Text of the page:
Supreme Court unanimously rejects mifepristone challenge, preserving abortion pill access

The Supreme Court unanimously sided with the Food and Drug Administration in a case that challenged the availability of mail-order abortion medications and regulatory authority.

In a decision handed down Thursday morning, the top court wrote that the case’s plaintiffs—the Alliance for Hippocratic Medicine, a group of physicians ideologically opposed to providing abortion services—do not have standing to challenge the agency’s regulation.

“The plaintiffs have failed to demonstrate that FDA’s relaxed regulatory requirements likely would cause them to suffer an injury in fact,” Justice Brett Kavanaugh wrote for the court. “For that reason, the federal courts are the wrong forum for addressing the plaintiffs’ concerns about FDA’s actions.”

The ruling settles a legal battle in which the plaintiffs argued against FDA’s ability to expand the use of mifepristone to include mail-order prescriptions over a decade after its initial approval. U.S. District Judge Matthew Kacsmaryk had taken their side in early 2023 and ruled to invalidate the drug’s full approval, with an appeals court later adjusting the restrictions to telehealth and mail-order prescription.

That decision was put on hold pending the Supreme Court’s input. Its decision today reverses the restriction, ensuring that mifepristone will remain available through telehealth and mail orders.

Lawyers from the federal government, mifepristone manufacturer Danco Laboratories and trade groups from the pharmaceutical and healthcare industries had opposed the plaintiffs and the decisions of the lower courts. In briefs and in oral arguments made before the Supreme Court, they warned judiciary intervention could have disastrous impacts on the FDA’s authority to regulate drugs.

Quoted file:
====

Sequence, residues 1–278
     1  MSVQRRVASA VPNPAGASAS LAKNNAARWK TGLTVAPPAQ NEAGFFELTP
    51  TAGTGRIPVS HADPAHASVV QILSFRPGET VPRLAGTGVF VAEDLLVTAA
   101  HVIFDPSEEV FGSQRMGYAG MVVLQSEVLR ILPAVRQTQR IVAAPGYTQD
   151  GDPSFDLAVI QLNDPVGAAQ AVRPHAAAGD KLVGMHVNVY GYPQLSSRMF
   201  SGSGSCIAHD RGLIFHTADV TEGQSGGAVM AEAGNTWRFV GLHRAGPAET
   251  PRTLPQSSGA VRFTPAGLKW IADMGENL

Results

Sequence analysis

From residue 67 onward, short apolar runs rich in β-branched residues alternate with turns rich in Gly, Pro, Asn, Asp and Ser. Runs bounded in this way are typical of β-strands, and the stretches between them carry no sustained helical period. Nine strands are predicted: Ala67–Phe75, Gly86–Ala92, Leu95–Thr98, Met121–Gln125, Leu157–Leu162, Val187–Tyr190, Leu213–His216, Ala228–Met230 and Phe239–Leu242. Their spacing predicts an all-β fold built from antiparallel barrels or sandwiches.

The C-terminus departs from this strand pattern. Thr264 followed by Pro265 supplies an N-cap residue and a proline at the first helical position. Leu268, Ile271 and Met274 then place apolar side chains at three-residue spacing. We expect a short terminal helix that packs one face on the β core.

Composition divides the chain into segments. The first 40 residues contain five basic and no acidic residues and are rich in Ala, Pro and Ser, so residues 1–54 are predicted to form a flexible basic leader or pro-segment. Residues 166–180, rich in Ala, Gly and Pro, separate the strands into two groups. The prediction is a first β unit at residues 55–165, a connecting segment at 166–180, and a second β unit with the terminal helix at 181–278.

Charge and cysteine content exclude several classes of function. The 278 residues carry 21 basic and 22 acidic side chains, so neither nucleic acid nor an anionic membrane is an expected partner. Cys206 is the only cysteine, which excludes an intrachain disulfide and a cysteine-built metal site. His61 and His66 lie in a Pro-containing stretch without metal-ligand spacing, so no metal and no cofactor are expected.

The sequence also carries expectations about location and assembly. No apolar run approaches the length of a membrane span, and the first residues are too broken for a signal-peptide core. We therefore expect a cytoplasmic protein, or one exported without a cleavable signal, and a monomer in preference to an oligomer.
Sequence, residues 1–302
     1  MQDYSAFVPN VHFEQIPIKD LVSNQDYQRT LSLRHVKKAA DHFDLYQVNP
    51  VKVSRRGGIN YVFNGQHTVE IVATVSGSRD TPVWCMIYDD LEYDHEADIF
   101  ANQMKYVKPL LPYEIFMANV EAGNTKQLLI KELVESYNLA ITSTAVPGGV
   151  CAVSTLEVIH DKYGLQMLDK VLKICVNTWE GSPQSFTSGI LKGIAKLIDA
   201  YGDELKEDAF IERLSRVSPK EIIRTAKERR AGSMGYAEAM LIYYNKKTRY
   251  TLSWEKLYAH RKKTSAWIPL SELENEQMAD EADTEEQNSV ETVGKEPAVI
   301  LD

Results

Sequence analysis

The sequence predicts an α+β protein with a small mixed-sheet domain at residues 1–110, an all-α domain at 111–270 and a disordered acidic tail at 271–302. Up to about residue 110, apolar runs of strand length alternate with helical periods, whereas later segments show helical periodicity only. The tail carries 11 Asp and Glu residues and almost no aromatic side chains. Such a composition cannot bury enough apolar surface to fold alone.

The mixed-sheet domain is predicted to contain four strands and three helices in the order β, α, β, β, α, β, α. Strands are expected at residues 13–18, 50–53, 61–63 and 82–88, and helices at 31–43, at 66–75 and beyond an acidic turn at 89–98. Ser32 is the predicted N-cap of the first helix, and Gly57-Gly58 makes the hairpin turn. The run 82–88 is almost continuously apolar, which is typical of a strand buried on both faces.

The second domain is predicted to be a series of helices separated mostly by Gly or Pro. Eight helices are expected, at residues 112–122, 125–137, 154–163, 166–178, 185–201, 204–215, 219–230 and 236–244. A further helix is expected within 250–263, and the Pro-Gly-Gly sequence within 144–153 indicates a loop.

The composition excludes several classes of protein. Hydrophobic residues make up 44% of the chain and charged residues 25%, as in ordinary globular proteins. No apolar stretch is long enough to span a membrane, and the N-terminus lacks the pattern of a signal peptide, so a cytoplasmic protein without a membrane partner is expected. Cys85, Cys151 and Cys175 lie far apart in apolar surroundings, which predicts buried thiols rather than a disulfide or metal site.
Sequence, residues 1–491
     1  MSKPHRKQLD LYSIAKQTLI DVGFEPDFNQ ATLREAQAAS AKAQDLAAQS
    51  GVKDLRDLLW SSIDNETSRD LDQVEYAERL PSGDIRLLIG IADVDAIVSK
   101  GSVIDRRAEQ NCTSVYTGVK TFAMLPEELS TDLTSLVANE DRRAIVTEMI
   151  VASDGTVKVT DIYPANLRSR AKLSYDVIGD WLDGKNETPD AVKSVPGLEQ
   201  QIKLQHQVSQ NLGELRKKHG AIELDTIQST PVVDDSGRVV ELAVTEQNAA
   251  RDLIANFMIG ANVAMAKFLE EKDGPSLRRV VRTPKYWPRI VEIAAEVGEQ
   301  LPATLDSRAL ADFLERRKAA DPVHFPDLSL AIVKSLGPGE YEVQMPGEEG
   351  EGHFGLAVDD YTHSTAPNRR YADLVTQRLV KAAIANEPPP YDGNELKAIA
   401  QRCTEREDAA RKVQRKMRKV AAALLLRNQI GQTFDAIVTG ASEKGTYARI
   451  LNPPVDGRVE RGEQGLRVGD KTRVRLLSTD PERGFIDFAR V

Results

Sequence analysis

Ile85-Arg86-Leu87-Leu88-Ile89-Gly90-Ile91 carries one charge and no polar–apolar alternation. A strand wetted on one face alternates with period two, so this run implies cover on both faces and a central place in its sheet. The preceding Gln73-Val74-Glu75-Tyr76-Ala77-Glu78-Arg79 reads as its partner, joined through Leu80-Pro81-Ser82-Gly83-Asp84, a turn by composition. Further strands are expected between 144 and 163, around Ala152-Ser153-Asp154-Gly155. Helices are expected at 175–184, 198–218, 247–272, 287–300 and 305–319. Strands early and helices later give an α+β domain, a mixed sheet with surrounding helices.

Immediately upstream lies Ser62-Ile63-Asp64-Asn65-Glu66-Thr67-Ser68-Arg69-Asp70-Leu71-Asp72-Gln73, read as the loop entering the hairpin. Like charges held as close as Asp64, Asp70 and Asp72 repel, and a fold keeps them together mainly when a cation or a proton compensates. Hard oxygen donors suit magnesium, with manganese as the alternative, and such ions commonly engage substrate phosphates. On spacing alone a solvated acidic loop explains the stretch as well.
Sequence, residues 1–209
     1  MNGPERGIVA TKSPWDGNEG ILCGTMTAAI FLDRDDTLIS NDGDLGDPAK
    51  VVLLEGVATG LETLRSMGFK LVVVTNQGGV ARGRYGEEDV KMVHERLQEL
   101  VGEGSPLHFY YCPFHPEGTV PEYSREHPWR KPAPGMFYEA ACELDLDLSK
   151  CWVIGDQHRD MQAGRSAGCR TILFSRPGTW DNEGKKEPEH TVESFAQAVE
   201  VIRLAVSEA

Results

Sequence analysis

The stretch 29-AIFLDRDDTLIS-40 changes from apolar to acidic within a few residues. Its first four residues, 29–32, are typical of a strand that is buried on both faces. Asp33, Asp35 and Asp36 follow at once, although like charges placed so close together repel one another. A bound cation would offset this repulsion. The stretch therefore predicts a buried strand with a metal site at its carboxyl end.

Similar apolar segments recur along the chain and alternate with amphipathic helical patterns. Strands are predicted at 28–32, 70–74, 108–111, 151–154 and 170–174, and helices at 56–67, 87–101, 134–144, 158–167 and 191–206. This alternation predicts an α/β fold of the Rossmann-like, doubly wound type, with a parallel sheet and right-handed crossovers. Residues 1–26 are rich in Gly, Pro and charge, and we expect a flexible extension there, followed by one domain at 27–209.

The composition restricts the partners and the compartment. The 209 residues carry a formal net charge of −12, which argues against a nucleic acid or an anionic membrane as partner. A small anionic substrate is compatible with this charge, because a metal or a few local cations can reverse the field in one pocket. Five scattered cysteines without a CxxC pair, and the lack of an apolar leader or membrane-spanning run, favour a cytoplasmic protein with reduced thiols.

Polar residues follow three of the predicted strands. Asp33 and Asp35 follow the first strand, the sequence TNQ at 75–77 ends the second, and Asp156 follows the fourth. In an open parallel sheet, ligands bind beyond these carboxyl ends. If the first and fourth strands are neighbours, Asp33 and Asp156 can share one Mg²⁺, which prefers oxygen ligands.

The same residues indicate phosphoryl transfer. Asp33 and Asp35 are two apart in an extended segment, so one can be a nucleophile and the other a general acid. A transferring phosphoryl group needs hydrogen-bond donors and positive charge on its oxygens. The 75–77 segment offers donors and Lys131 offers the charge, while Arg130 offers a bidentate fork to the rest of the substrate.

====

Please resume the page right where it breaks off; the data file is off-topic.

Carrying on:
Ultimately, the plaintiffs could not show that they were being harmed by the FDA’s regulations, which sunk their case.

Echoing questions and comments from oral arguments, Kavanaugh wrote in the order that the FDA is not forcing individual providers with conscientious objections to abortion to provide services.

“Rather, the plaintiffs want FDA to make mifepristone more difficult for other doctors to prescribe and for pregnant women to obtain,” he wrote. “Under Article III of the Constitution, a plaintiff ’s desire to make a drug less available for others does not establish standing to sue.”

The court also shot down the “several complicated causation theories” the plaintiffs used to establish injury and standing, such as downstream economic injuries.

Justice Clarence Thomas penned a concurring opinion affirming the court’s rejection of the case.

Supporters of individuals’ right to an abortion said they are relieved by the court’s decision. Plan C, one such group, described the ruling as “a minor win on a baseless case that never should have made it past the initial filing. We’re relieved that the court did not take action to further restrict access to mifepristone, a very safe and effective medication that is already overregulated by the [FDA].”

Health and Human Services Secretary Xavier Becerra celebrated the ruling on behalf of the administration and reiterated HHS' intention to expand reproductive health access where able. 

"Mifepristone has been used safely and effectively for more than two decades since it was first approved by the FDA, one of our nation’s most critical public health agencies," Becerra said in a statement. "Today, this critical medication remains approved and available."

Bobby Mukkamala, M.D., president elect of the American Medical Association, said in a statement that the "efforts to second guess the FDA’s scientific judgment and roll back access to mifepristone were based on a sham case that not only lacked standing, but relied on speculative allegations and ideological assertions to undermine decades of rigorous scientific review proving the drug is highly safe and effective for both termination of pregnancy and for medical management of miscarriage."

Mukkamala also alluded to "substantial evidence" that "restricting access to needed abortion care without justification carries a psychological, physical, and economic toll."

Mifepristone is used for about two-thirds of abortions in the U.S. Telehealth and mail-order use rose substantially during the COVID-19 pandemic and since the implementation of state-level abortion restrictions after SCOTUS overturned Roe v. Wade in 2022.

The Supreme Court is currently weighing another case related to medical abortion and the Emergency Medical Treatment and Active Labor Act (EMTALA), which requires hospitals to treat patients with life-threatening health emergencies.